Pressured by members of his own party, House Speaker David Gowan on Tuesday morning suspended his ban on reporters on the floor who have not first undergone extensive background checks.
But they still don’t have full access.
House Republicans also voted Tuesday to preserve Gowan’s unilateral authority to decide in the future whether to rescind overall access, whether to require extensive background checks and even to ban a single reporter for any reason at all.
In a brief statement, House Republican publicist Stephanie Grisham said the badges that had been given to regular Capitol beat reporters that opened certain doors are not being reactivated. That had provided easier access for reporters to go to lawmakers’ offices, including that of the speaker.
Instead, there will be a sign-in process available only when the House is on the floor.
Gowan’s decision to suspend his own policy comes less than a week after he claimed that House members had demanded he tighten up security procedures. That followed a disturbance in the public gallery.
But it turns out the letter from GOP legislators that Gowan said led to the policy change never actually mentioned concerns about reporters on the floor. Instead, it simply asked Gowan to spend money in the House budget “for the purpose of improving the physical security of the Arizona House of Representatives building.”
“The speaker stands by his security plan,” Grisham said Monday. But she acknowledged there had been pressure on her boss to reverse his stance, saying he “has a responsibility to his members and public who expressed concern.”
Hours later, House Democrats moved to preclude Gowan or any future speaker from further curbing access.
That’s a right he now has.
House rules require there be a place for the press, with no requirement it actually can be on the floor. That concerned Rep. Lisa Otondo, D-Yuma.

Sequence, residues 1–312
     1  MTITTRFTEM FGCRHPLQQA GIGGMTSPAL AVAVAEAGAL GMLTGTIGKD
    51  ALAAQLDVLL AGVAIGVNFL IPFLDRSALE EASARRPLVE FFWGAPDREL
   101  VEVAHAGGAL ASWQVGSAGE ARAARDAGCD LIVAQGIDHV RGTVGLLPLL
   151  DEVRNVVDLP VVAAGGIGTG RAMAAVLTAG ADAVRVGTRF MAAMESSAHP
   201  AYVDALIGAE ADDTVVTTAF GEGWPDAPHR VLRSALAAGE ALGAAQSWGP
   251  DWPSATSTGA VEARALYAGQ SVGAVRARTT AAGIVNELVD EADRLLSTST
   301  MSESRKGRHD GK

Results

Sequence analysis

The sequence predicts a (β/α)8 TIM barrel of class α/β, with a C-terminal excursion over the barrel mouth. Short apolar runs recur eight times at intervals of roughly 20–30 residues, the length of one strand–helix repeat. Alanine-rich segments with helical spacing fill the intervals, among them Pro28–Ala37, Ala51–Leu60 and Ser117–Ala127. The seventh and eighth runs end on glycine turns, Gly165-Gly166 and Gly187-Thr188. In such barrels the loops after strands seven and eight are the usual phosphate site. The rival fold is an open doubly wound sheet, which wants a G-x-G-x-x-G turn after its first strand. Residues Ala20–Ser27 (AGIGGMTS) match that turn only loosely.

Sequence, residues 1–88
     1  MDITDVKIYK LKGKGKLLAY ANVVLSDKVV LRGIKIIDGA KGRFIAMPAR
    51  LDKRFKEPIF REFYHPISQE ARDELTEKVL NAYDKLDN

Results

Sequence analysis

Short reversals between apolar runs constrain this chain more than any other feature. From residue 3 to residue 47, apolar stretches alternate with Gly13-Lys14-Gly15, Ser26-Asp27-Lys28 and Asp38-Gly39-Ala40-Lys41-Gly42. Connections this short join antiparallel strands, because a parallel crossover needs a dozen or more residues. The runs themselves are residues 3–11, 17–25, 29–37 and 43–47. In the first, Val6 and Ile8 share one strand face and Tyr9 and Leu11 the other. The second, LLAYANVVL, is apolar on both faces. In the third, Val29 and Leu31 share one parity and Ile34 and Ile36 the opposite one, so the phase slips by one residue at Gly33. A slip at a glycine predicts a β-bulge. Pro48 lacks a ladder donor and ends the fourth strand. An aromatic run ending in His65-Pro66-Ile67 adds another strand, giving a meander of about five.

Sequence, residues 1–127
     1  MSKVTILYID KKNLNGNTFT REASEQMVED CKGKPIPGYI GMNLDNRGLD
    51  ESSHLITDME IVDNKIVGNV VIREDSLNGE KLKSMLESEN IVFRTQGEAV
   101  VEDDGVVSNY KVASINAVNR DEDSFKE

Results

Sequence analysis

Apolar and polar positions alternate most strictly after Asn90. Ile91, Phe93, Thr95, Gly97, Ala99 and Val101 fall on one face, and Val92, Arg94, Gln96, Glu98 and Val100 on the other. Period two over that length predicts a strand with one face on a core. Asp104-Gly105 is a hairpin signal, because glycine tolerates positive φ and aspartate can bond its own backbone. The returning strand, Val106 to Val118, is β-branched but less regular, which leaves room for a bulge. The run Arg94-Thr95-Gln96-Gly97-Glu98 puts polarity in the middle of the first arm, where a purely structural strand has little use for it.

She acknowledged reporters can view and record floor speeches from the gallery. But Otondo said that precludes reporters questioning lawmakers afterwards about their statements.
“When we really have to answer the questions is when they’re an arms-length away,” she said.
Rep. Diego Espinoza’s proposal would have required the press gallery be on the House floor, as it has been for more than three decades. And it would preclude House staffers from demanding background checks that could be used to disqualify a reporter absent a specific threat or concern.
Rep. Rusty Bowers, R-Mesa, suggested the press in Arizona has more access than some other places. For example, he noted that Congress does not grant floor privileges to reporters.
But Bowers acknowledged afterwards that, unlike the Arizona House, reporters in Washington are free to go the offices of federal lawmakers.
And Rep. Bruce Wheeler, D-Tucson, said it’s irrelevant what happens elsewhere.
“This is Arizona,” he said. “We do things as what we think ought to be done.”
No Republican stood up to defend Gowan’s now-suspended policy. But Rep. Noel Campbell, R-Prescott, said that does not mean the rules should be changed, suggesting Democrats might have a different point of view if and when that party ever takes control of the House.
That doesn’t mean Campbell and other GOP lawmakers were pleased about the actions the speaker took last Thursday, a move that came as a surprise to many of them when they went to the floor only to find reporters who refused to consent to extensive background checks banished to the third floor gallery.
“I’m happy you guys are back down here,” Campbell said.
“I’m not going to criticize the speaker,” he continued. “But I’m glad he saw the light.”
And Campbell said there was concern that the actions taken by Gowan reflected badly on the GOP majority.
“I don’t want to get tarred that we’re anti-press,” he said.
Rep. J.D. Mesnard, R-Chandler, who could be the next House speaker, said after the floor debate he saw no reason for the change that Gowan had implemented.
“I was comfortable with the policy we had in place before,” he said. “I think many of my colleagues were.”
That included electronic badges which opened inner doors to not only the House floor but also the hallways leading to lawmakers’ offices, though reporters were supposed to call ahead first.
In the now-suspended — but not revoked — policy, Gowan had demanded not only that reporters consent to examinations of criminal and civil records but also provide information about driver’s license and prior addresses. More significant, his policy said anyone convicted of certain specific crimes would never be allowed access.
That included not only serious felonies but also the crime of trespass — the Class 2 misdemeanor which would have disqualified Hank Stephenson, the Arizona Capitol Times reporter who discovered that Gowan had used $12,000 in state resources for travel for both personal purposes and in his congressional campaign.
Gowan refunded the money and insisted it was an error by a staffer.